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Yolo County CASA sets goal to serve every child

Supporting our most vulnerable children


In our own community, there are abused and neglected children who live in the shadows of our lives. She may be the little girl in your son’s kindergarten class who had to move homes and change schools three or four times in the last year. He may be the lonely child at the park who doesn’t join the game.


The foster care and child welfare system is full of compassionate lawyers, judges, social workers and foster families, but according to recent statistics Yolo County has nearly 300 children in foster care.  The economic downturn and shrinking budgets have reduced resources available to help.  This intense need can strain the system to the point where too little time and attention is paid to each individual child’s needs. 


So the little girl who has already suffered neglect at home enters the foster care system, and ends up in multiple placements and schools in just a few months. Or the two siblings who lost their mother to incarceration have to be split up and live on different sides of the same county.


Yolo County is a local nonprofit organization (based on a national model) which trains and supports volunteers—people like you and me—to speak and act as advocates for the best interests of abused and neglected children. They are trained to work within the child welfare system and are appointed by judges to individual cases. With the help of a CASA volunteer, a child is half as likely to languish in the foster care system and that much more likely to find a safe and permanent home.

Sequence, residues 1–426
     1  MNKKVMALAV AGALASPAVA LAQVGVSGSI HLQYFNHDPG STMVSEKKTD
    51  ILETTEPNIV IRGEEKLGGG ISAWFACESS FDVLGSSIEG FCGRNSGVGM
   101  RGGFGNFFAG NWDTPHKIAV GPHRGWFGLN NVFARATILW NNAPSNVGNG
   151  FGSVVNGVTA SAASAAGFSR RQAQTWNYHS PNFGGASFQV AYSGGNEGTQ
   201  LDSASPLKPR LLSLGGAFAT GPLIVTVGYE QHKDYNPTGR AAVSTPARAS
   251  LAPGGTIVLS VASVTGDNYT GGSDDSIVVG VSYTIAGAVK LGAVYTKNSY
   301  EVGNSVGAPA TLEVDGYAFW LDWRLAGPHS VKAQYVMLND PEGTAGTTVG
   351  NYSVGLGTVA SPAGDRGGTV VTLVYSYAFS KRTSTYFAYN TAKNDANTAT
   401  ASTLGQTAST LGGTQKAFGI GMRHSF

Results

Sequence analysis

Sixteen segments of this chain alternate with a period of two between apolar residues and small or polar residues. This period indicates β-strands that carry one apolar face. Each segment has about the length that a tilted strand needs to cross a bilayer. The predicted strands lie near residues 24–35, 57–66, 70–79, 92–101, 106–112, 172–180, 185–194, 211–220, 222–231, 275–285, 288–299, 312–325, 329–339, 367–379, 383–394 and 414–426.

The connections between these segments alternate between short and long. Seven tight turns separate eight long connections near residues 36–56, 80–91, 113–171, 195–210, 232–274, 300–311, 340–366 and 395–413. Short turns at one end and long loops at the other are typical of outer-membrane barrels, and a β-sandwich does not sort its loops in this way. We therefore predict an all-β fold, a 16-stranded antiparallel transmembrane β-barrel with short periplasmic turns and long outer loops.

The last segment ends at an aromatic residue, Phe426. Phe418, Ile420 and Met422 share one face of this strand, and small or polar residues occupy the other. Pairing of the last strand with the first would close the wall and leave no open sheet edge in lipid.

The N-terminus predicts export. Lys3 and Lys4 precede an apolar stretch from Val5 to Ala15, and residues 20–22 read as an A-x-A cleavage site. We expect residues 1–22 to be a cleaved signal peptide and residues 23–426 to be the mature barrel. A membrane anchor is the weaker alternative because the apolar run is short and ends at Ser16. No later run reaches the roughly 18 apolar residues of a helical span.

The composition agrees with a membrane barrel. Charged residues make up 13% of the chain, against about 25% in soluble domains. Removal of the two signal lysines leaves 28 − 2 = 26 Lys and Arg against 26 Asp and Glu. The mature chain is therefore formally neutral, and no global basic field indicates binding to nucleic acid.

I have seen firsthand the transformative impact a CASA volunteer can have on a child.  As in the case of a seventeen year old girl, who spent years in foster care and was struggling to keep up with school while living in a chaotic environment.   Because her CASA was there for her, and knew immediately when her school performance started to decline, she was able to get support from her social worker and attorney.  The judge ensured that changes occurred at home which helped her to graduate from high school.  Happily, she continued her education and has since graduated from college!


Today we are serving 51 of Yolo County’s kids in foster care.  By 2020, we want to be serving every child who needs a qualified CASA volunteer looking out for their best interests. To do this, we need to more than triple our numbers of CASA volunteers.  We also need to increase our budget to hire the staff required to support these volunteers.  Especially needed are volunteers of color, as African American and Latino children are overrepresented in the child welfare and foster court system.   Every child has a right to thrive, to be treated with dignity, and to live in a safe, loving home. Every child deserves a fighting chance.


Once grown, these former foster kids can be our future doctors, teachers and leaders. Coming through a period of vulnerability and fear, the child can understand his potential and his rights. She will believe in herself. That is our opportunity and our challenge.


I invite the people of Yolo County to stand up with me and support these children.

Tracy Fauver

This site provided with the assistance of the Davis Community Network.